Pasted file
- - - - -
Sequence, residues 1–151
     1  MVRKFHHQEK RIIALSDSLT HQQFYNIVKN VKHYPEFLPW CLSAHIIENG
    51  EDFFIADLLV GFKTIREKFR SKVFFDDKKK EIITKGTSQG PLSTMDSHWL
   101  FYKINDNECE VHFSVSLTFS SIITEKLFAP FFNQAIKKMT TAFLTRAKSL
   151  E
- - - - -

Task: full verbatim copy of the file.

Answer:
Sequence, residues 1–151
     1  MVRKFHHQEK RIIALSDSLT HQQFYNIVKN VKHYPEFLPW CLSAHIIENG
    51  EDFFIADLLV GFKTIREKFR SKVFFDDKKK EIITKGTSQG PLSTMDSHWL
   101  FYKINDNECE VHFSVSLTFS SIITEKLFAP FFNQAIKKMT TAFLTRAKSL
   151  E